Thrombosis


It consists of the obstruction of a blood vessel, produced by the formation of a thrombus (blood clot), which can cause an acute myocardial infarction. This condition occurs mainly in the deep venous system, made up of the deep veins, located in the lower extremities.

Thrombosis can be caused by different factors, four being the main ones. First is decreased blood flow velocity, which in turn can be caused by being at rest while lying down, wearing a splint or plaster, dehydration, or a venous condition suffered with anteriority.

Secondly, there are lesions in the vascular wall, caused by wounds, some inflammation or operation, even due to venous alterations caused by age.

Also, the cause of thrombosis is the increase in blood coagulation, which can be caused by medications, which cause the balance between coagulation and the dilution of clots to be altered.

Finally, there is cancer. When a patient suffers from cancer, the chances of suffering from thrombosis are increased by 4 to 20%, with thrombosis sometimes being the cause of death in patients, after having overcome the tumor itself.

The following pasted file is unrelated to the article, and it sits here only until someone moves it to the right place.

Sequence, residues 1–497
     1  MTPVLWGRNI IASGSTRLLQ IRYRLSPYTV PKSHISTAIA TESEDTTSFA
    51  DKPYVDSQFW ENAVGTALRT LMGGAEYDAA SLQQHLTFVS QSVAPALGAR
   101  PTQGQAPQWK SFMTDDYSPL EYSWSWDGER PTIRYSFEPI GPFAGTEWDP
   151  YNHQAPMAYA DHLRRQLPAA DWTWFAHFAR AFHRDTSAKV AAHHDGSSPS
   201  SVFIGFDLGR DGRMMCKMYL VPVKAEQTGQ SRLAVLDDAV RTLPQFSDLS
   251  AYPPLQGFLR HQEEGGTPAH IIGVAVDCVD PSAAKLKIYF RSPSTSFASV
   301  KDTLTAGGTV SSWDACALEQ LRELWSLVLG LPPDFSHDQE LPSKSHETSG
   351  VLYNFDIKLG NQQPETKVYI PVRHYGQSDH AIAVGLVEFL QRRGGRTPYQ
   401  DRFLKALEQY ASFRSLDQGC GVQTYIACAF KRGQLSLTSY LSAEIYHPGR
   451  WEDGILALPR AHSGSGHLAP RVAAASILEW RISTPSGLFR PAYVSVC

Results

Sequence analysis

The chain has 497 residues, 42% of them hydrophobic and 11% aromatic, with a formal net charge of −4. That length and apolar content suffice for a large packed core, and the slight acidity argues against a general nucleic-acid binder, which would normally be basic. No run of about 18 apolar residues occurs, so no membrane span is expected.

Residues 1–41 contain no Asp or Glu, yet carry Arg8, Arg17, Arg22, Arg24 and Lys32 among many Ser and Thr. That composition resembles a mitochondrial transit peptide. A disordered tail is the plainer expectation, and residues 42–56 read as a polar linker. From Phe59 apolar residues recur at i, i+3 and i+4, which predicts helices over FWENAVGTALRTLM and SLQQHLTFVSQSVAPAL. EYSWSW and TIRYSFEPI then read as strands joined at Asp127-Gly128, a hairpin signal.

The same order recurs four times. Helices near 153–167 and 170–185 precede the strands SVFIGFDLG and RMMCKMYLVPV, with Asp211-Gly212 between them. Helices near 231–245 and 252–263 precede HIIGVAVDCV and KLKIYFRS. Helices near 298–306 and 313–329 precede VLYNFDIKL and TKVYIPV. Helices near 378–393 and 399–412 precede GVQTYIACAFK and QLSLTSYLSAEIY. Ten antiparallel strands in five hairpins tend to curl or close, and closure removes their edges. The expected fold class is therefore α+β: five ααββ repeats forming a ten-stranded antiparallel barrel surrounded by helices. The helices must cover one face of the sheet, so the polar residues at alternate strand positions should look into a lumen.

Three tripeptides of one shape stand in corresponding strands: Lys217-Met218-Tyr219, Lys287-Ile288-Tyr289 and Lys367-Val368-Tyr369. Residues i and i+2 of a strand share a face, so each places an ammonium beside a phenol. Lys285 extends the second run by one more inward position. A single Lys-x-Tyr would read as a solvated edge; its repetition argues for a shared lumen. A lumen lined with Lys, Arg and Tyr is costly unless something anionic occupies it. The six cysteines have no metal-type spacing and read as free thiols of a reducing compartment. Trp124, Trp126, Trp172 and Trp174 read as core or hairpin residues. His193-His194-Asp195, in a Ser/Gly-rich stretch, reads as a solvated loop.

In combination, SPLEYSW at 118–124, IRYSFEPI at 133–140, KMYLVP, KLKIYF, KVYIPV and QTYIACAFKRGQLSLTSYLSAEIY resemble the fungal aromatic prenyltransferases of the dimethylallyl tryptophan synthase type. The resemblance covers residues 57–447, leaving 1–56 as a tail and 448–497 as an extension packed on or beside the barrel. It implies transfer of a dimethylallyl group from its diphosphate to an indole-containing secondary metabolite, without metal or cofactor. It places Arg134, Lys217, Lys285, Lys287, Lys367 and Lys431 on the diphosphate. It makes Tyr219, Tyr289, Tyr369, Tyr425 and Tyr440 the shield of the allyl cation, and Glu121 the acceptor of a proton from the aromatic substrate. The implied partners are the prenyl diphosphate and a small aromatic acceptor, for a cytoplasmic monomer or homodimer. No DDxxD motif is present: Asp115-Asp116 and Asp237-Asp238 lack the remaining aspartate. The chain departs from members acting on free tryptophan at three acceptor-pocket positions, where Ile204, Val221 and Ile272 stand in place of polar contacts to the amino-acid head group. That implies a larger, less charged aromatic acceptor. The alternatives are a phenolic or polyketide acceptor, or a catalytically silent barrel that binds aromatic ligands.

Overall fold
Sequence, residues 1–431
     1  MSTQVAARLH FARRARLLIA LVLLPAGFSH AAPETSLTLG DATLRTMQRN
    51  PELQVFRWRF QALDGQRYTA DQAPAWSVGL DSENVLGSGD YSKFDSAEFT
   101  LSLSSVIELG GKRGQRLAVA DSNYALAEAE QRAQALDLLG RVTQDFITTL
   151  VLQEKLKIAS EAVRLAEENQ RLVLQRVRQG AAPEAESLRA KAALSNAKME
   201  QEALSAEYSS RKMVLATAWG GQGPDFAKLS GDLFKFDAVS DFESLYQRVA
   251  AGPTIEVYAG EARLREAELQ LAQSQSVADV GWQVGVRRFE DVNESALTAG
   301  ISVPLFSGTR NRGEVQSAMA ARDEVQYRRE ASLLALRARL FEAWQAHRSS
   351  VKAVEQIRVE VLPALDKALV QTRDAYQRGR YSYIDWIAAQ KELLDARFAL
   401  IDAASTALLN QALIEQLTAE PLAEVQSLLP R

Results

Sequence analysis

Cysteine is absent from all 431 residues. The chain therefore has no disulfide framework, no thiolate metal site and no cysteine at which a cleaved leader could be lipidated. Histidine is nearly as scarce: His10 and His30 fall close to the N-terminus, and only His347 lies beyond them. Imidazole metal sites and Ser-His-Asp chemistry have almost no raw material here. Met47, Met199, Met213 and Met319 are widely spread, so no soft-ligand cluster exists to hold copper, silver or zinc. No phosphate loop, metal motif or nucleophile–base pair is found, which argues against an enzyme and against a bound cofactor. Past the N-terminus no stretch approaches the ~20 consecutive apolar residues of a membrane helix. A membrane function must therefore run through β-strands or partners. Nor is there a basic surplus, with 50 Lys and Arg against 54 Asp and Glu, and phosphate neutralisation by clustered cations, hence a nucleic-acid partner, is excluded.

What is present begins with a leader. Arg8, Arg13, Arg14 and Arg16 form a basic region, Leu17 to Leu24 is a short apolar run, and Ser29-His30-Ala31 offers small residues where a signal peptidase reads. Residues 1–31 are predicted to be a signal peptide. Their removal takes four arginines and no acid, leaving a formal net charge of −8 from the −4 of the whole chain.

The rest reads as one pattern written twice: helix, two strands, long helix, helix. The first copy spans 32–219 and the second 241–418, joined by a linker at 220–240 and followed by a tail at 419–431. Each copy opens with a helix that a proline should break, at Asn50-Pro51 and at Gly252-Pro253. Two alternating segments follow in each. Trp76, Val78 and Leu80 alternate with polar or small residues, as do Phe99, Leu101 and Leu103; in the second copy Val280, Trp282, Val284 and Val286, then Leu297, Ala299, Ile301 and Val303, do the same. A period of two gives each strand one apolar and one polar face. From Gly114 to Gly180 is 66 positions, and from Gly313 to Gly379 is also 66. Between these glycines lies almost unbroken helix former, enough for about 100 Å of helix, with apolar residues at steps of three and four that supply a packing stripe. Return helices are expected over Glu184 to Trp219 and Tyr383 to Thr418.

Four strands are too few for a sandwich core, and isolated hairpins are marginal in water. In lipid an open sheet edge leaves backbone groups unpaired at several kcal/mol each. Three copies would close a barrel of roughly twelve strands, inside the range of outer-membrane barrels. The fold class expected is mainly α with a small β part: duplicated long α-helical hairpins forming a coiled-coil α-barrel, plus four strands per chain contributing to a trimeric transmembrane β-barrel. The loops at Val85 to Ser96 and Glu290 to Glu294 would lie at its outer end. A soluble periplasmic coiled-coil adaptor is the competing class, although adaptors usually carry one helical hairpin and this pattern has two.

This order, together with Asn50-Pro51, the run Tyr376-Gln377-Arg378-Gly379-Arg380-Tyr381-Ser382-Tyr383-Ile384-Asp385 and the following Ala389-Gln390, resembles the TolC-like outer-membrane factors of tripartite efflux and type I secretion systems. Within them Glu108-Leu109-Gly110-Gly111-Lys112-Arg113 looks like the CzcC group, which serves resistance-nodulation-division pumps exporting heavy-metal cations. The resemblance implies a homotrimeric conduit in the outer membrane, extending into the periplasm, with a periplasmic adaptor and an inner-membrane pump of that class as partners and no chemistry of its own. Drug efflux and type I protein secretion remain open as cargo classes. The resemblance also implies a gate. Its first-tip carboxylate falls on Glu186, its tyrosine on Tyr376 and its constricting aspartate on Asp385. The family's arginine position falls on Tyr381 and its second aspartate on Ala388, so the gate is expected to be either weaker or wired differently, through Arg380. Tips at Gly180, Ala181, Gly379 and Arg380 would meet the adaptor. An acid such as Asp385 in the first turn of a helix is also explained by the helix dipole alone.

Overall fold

On the other hand, the symptoms that originate from thrombosis are pain and swelling in the calf and/or thigh, depending on the location of the clot.

In this sense, thrombosis can be classified according to the location or the level of occlusion that it reaches.

Depending on the location, it can be: thrombosis due to precipitation (white clot), hyaline thrombosis or thrombosis due to coagulation (red clot). The latter represents a high level of severity, since it can cause the death of the structures, ischemia or paralysis in the muscles, if the clot or thrombus is in a vein.

Likewise, depending on the location of the vein, cavernous sinus thrombosis (severe), deep vein thrombosis (medium severity) or superficial thrombophlebitis (mild) may occur.

Due to its level of occlusion, thrombosis can be formed by thrombi or occluding or mural clots, which represent complete and partial obstruction of the vessel, respectively.